Paying the Price

University Issues: UC San Francisco's spending on remodeling and security upgrades provides examples of what is or is not valid.

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Correction Appended

Recent news that UC San Francisco spent $241,800 to upgrade security and renovate its chancellor's offices provides contrasting examples of what spending is or isn't appropriate given the current economic circumstances.

Since 2000, the house has undergone three burglaries and seen 11 other crimes occur in the immediate vicinity. A land management report prepared for the campus in 2001 suggested that security was enough of a problem to merit redirecting a hiking trail. While this is not a large amount of crime, no one should have to experience a burglary every three years on average.

We believe that increasing the security around the house was warranted, but the price tag - $85,800 - seems like a large amount given the relatively low level of crime. We hope that UC San Francisco explored alternatives and found this to be the most efficient use of funds before approving the construction.

The fact that the security upgrades did not come out of campus funds - instead, they were covered by the Edward F. Searles Fund, an endowment specifically allocated to cover non-state-funded expenditures like upkeep of chancellors' properties - makes them easier to stomach.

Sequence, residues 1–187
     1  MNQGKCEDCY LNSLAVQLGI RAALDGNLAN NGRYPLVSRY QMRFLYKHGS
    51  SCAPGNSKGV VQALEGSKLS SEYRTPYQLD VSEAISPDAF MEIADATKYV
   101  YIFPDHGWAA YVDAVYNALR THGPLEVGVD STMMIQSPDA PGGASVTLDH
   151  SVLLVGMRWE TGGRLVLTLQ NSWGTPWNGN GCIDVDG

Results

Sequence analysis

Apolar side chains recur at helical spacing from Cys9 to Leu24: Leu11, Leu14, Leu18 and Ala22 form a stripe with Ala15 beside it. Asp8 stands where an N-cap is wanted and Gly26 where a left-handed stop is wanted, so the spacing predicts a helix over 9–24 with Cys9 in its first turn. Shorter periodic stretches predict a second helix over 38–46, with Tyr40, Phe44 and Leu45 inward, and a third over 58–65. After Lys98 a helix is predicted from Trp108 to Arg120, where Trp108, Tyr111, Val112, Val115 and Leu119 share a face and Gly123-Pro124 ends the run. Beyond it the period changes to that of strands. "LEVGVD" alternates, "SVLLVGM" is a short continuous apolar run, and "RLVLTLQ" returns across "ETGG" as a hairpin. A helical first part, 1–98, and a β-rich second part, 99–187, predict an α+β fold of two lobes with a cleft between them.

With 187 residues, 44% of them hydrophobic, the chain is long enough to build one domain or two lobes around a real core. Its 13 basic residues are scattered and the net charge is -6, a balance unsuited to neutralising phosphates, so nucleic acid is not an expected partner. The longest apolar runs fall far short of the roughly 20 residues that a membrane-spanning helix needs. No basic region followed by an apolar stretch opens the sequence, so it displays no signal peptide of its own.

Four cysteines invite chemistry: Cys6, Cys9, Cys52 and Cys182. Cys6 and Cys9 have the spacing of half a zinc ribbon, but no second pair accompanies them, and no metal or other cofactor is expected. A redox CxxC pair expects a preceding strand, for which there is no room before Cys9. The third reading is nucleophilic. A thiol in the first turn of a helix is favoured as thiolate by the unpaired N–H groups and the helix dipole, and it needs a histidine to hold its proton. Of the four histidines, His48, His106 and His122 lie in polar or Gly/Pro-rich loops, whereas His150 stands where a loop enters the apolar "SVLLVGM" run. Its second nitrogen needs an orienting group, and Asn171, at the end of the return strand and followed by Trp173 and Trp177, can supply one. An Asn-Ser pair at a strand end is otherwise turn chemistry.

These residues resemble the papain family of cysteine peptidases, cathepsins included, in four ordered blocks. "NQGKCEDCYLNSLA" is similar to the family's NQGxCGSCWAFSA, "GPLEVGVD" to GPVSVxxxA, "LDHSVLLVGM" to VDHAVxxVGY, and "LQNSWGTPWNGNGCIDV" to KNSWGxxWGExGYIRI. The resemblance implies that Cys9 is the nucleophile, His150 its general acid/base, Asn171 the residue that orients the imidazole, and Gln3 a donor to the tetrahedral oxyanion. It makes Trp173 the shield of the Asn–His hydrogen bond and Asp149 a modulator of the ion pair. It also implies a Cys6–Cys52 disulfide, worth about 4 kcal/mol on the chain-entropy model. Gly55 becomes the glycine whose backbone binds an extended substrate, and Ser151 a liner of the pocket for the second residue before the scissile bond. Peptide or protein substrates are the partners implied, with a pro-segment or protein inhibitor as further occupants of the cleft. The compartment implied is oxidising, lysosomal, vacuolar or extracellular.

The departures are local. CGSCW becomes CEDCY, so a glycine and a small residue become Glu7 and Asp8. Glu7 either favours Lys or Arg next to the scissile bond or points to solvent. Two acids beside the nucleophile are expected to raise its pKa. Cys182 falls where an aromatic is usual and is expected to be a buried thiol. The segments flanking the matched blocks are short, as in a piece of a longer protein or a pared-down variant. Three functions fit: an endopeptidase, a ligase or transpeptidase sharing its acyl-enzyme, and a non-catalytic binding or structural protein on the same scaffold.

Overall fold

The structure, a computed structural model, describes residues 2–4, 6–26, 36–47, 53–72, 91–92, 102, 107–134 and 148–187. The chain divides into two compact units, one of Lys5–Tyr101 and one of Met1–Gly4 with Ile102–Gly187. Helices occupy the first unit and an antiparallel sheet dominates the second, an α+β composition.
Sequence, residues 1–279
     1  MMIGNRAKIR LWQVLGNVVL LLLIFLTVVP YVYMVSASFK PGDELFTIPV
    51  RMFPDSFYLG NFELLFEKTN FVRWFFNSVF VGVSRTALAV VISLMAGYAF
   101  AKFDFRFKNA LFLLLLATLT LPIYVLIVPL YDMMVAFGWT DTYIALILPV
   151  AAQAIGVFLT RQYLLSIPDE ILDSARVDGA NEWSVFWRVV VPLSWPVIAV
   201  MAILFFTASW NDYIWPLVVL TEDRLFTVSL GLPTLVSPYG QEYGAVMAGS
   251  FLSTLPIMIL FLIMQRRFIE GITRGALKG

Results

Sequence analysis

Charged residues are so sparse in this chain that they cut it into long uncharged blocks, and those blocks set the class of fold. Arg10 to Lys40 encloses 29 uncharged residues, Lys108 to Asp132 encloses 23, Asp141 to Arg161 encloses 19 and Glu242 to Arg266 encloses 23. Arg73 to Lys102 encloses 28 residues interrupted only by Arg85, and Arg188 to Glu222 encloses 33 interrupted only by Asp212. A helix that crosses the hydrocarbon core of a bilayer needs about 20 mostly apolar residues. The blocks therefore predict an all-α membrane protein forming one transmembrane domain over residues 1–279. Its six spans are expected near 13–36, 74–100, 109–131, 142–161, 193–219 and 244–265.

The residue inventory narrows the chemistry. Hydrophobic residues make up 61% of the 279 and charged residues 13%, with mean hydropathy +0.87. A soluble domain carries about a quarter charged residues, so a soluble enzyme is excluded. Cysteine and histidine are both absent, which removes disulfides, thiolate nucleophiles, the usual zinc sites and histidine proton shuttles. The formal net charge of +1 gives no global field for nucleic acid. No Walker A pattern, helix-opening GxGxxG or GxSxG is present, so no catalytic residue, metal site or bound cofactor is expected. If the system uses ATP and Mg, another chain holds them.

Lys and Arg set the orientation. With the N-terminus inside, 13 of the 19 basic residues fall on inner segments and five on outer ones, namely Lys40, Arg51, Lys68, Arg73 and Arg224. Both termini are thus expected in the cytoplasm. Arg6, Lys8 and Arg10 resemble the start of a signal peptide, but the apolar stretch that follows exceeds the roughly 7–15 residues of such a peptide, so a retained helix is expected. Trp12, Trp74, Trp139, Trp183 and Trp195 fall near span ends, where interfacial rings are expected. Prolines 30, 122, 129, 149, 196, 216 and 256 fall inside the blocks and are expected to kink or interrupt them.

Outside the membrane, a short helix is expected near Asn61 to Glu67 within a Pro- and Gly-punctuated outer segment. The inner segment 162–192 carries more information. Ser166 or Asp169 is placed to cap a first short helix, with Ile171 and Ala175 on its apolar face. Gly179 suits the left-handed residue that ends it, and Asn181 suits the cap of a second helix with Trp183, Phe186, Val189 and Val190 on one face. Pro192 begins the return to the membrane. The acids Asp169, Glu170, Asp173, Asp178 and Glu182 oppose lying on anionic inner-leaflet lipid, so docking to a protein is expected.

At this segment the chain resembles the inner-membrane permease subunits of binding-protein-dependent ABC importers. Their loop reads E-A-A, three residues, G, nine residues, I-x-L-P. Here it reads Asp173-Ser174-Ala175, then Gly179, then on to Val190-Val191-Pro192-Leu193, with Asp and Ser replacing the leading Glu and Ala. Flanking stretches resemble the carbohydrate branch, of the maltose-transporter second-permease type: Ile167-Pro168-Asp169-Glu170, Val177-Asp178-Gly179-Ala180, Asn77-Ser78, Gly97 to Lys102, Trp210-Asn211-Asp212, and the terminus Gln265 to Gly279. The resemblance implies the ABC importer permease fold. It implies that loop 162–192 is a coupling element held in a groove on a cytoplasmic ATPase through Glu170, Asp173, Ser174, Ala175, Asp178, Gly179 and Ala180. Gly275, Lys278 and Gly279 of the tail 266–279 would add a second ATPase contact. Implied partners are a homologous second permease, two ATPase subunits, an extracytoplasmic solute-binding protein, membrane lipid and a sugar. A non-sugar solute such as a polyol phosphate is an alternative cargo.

The Searles Fund has grown to approximately $161 million, and by all accounts these types of expenditures are exactly what it is set aside to cover. It's good that the university has this fund - it can cover forgotten expenses and preserve campus funds for academic purposes.

The spending of $156,000 of campus funds, however, to renovate the chancellor's offices is less excusable. Replacing furniture and removing dividing walls seems hardly necessary as the university faces a $500 million cut. If there were any immediately pressing repairs, the campus should have paid for those and saved any remaining work for a time when the university had more money.

UC President Mark Yudof has repeatedly called for shared sacrifice in the face of unprecedented state cuts. We aren't asking chancellors to sacrifice their security - but we hope they'd consider living with threadbare furniture for a few more years.

Correction: Friday, February 25, 2011
A previous version of this editorial incorrectly stated that since 2010, the house of UCSF Chancellor Susan Desmond-Hellmann has undergone three burglaries. In fact, the house has undergone three burglaries since 2000.

The Daily Californian regrets the error.

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